Wi-fi and cellphones and other forms of magnetic field non-ionizing radiation have been linked to pregnant women suffering miscarriages. Those exposed to the highest levels of MF radiation are 48 percent more likely to lose their baby than women exposed to the lowest amounts, the study found. The increased risk of miscarriage associated with high MF was consistently observed regardless of the sources of high MF.
The study authors write: Humans are now widely exposed to MF with ever-increasing intensity, due to the proliferation of MF-generating apparatuses such as wireless networks, smart meter networks, cell towers, wireless devices such as cell phones, etc. The steep increase in MF exposure has renewed concerns about the potential health effects of this invisible, man-made environmental exposure.
Researchers from the Kaiser Permanente Division of Research in Oakland, California, analyzed 913 pregnant women at varying stages of their gestation. Some of the study’s participants had previously suffered at least one miscarriage. All of the participants carried an EMDEX Lite meter, which measures MF-radiation exposure, for 24 hours on a typical day.
While the health hazards from ionizing radiation are well-established and include radiation sickness, cancer and genetic damage, the evidence of health risks to humans from non-ionizing radiation remains limited, said De-Kun Li, MD, PhD, principal investigator of the study.
“Few studies have been able to accurately measure exposure to magnetic field non-ionizing radiation,” Dr. Li said. “In addition, due to the current lack of research on this subject, we don’t know the biological threshold beyond which problems may develop, and we also don’t yet understand the possible mechanisms for increased risks.”
Among pregnant women exposed to the highest levels of MF radiation, 24.2 per cent had a miscarriage compared to 10.4 per cent of those exposed to the lowest amounts. This risk occurs regardless of whether women have suffered miscarriages in the past and are therefore more likely to lose another baby before its birth.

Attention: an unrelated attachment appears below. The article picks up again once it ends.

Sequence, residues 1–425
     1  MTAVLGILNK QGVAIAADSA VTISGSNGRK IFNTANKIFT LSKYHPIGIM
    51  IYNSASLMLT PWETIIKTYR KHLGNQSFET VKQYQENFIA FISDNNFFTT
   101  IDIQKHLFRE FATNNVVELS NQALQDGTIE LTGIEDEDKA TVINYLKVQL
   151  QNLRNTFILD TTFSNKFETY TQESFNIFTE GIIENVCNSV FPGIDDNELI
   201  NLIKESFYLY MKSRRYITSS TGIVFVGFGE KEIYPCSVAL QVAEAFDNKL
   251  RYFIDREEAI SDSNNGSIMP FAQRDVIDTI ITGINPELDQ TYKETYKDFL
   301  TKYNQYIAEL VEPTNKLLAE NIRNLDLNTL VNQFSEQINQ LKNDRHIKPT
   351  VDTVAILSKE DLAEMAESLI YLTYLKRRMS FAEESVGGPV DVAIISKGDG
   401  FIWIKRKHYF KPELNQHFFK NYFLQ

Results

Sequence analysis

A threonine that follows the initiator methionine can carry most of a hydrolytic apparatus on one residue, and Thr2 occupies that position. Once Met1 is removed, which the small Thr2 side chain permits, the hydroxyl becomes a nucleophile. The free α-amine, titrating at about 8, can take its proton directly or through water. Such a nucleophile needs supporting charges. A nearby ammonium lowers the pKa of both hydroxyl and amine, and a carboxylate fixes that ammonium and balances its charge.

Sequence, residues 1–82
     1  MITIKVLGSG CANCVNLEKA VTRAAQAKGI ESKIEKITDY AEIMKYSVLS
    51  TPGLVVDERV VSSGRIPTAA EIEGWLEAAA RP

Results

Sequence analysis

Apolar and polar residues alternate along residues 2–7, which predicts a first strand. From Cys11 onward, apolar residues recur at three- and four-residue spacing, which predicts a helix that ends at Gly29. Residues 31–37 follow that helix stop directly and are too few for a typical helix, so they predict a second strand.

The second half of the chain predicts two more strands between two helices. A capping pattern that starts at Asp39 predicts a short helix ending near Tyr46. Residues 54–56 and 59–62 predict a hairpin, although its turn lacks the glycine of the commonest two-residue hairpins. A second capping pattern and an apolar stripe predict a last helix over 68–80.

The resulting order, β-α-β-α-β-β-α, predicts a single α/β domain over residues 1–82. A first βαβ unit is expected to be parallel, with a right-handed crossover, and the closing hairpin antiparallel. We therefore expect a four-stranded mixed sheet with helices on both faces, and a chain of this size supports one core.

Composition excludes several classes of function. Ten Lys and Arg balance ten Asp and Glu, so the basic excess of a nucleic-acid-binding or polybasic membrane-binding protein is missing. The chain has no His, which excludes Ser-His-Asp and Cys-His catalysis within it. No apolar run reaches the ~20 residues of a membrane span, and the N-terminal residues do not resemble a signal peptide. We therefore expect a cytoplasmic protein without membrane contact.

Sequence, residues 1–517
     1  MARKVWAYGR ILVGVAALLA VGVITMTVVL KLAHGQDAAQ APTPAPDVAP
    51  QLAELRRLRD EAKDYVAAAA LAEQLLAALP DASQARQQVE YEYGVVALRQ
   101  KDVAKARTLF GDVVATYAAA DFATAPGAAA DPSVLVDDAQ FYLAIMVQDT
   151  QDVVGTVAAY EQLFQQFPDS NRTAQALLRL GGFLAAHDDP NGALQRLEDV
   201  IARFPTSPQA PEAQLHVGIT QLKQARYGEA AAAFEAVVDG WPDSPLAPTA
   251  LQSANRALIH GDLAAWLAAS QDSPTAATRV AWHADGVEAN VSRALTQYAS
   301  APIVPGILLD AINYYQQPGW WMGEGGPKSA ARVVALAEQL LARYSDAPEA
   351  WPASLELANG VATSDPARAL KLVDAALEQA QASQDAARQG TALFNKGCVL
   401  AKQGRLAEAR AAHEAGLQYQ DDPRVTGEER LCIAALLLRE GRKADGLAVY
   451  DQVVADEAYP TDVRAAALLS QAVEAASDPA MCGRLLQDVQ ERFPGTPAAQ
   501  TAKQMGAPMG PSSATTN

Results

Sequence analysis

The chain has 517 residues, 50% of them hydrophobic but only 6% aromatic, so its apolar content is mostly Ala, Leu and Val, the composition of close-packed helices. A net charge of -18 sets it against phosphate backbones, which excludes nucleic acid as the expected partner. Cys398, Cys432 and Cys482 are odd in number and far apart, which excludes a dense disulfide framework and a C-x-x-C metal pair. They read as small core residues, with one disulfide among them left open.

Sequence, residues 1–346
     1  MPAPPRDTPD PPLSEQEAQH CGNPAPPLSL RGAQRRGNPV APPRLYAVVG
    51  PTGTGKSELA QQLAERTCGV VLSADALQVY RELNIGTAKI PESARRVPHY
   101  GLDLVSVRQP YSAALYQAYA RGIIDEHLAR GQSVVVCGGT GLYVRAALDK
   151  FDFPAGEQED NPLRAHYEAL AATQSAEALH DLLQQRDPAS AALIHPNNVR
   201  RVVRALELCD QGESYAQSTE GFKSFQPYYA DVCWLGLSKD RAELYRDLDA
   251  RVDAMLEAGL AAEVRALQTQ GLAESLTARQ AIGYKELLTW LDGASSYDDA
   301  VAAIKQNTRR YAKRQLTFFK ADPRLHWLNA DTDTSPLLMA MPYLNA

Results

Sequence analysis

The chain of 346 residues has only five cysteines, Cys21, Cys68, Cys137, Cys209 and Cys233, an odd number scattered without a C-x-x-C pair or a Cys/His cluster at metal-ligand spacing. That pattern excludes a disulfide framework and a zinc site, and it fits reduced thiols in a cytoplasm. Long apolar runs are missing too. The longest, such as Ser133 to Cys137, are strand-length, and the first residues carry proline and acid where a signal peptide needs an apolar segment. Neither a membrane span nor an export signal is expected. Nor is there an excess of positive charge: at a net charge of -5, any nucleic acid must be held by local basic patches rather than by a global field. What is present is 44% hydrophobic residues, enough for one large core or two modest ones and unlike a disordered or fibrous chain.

Participants kept a diary of their activities on that day, and were interviewed in person to better control for possible confounding factors, as well as how typical their activities were on the monitoring day. Researchers controlled for multiple variables known to influence the risk of miscarriage, including nausea/vomiting, past history of miscarriage, alcohol use, caffeine intake and maternal fever and infections.
Although the researchers did not have information on the exact sources from which MF was generated, based on participants’ diary, they were able to examine whether MF exposure was from any of the following location categories: at home, at home in bed, at work, in transit, or from other sources. The association was observed consistently, regardless of the location.
Dr De-Kun Li said: “This study provides evidence from a human population that magnetic field non-ionizing radiation could have adverse biological impacts on human health.”
Two previous studies measured EMF both inside, and in the surrounding areas, of the residence of participating pregnant women, found a higher risk of miscarriage associated with higher EMF exposure level. Two other studies examined the impact of EMF emitted from cell phones and wireless networks, and observed that more frequent cell phone use and close proximity to wireless base stations were both associated with an increased risk of miscarriage.
The Kaiser study authors note: “Unfortunately, the vast majority of epidemiological studies on MF health effects in the literature so far have been based on subjective and unreliable MF measurements. Thus, it is not surprising that many of the past studies failed to detect MF health effects.”
“In addition, the focus on studying MF effects on cancer has exacerbated the problem, since the development of cancer usually has a long latency period between exposure and outcome that could span several decades.”
“This has made accurately measure MF exposure in the etiologically relevant period (decades before the diagnosis of cancer) almost impossible. Those “null findings” have left a false impression of the “safety” of MF exposure.”
The findings were published in the journal Scientific Reports. https://www.nature.com/articles/s41598-017-16623-8
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